If you think about it, 2017 is kind of an auspicious year for the work of beloved nerd icon Joss Whedon. It's the 20th anniversary of Buffy the Vampire Slayer, of course, but it's also the fifth anniversary of The Avengers and the 15th anniversary of Firefly. Add in the news that he's joining DC Films for the next phase of his career with a Batgirl movie and you could start to get pretty reflective if you're a longtime fan.
As I got reflective about Whedon this year, it seemed like a look back at all of Buffy might be the way to go, but that's been done before. Then, when I realized the confluence of other Whedon anniversaries this year, I started thinking: What if you ranked the Buffy episodes and the Firefly episodes at the same time? But why would you do that if you didn't also consider Angel, Dollhouse and the movies?
Which pretty much brings us to now, and a deranged assignment I somehow volunteered for: a definitive and highly scientific* ranking of all of Whedon's genre screenwriting, from TV episodes to movies and beyond (beyond pretty much meaning Dr. Horrible).
Yes, I really did do that, and yes, it really is as ludicrous as it sounds.
The full list is below, and beyond that lies a comments section via which to share your thoughts. First, though, a few notes on parameters:
1. This list is genre screenwriting only, so we're not including episodes of Roseanne or his adaptation of Much Ado About Nothing.
2. This is credited screenwriting work only, so films for which Whedon did uncredited rewrites (like Waterworld) are not included.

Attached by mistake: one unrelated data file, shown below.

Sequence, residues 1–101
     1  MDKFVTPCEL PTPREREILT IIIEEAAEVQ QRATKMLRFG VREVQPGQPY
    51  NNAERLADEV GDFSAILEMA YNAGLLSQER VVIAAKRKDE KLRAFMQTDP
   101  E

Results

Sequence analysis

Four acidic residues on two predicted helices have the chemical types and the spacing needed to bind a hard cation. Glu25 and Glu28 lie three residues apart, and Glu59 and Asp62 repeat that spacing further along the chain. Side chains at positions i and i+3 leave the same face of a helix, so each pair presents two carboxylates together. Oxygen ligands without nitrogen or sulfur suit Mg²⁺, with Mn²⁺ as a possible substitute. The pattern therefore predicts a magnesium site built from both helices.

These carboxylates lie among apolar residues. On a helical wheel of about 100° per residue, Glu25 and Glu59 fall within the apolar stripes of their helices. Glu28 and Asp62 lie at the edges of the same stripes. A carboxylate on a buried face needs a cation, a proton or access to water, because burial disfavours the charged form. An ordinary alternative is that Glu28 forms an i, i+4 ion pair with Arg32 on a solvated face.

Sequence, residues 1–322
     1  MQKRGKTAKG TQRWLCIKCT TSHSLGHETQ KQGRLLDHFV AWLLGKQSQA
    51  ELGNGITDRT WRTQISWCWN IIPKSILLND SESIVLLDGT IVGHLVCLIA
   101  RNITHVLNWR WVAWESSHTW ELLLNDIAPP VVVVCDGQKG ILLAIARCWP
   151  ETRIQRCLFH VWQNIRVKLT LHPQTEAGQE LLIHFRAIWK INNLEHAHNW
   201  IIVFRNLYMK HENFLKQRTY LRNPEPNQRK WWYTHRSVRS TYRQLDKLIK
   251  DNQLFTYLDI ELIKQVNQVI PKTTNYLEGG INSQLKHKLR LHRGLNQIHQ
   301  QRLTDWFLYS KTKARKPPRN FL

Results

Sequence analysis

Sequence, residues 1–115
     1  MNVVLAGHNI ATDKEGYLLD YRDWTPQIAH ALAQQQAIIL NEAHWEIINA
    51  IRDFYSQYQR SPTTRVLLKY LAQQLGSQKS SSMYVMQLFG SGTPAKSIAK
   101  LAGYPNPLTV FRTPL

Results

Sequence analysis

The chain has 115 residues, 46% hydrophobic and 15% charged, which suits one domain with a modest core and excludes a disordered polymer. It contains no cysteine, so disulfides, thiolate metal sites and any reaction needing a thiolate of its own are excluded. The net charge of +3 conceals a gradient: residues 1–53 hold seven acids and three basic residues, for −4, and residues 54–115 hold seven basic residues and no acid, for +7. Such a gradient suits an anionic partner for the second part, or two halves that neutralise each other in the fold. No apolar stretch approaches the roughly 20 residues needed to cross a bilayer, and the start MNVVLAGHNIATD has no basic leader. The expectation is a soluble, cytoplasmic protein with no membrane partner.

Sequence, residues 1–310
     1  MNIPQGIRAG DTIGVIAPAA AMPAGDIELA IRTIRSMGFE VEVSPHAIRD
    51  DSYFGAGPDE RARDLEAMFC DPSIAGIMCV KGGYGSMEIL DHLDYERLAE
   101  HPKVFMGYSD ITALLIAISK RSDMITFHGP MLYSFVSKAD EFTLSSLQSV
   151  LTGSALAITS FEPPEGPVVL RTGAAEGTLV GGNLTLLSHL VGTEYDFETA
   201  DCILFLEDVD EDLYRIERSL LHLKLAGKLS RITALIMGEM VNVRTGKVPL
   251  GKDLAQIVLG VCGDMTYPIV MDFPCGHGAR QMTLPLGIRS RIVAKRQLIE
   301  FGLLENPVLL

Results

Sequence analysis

3. Credited screenwriting work includes Whedon's contributions as co-writer or story contributor. I have noted those contributions whenever they apply. Any entry that does not include a specific contribution notation indicates that Whedon is the sole credited writer.
4. In some cases, Whedon was credited even when his writing contributions were either altered or not used. I have taken this into consideration whenever possible.
5. By "genre screenwriting work," I mean the writing as it appears in final form when presented to the consumer. That term is used for simplification purposes and does not mean this is a ranking arrived at simply by reading scripts. Such a thing would be tedious, and besides, we're all really here to talk about the final product.
6. As this is a ranking of writing work, things like bad special effects and wooden performances are, whenever possible, not held against the writer.
Well, that about covers it. Now, come with me on this insane adventure, and let us know your thoughts in the comments.
*NOTE: This ranking is neither definitive nor highly scientific. It's also possible I went insane while putting it together. Wheeeeeee!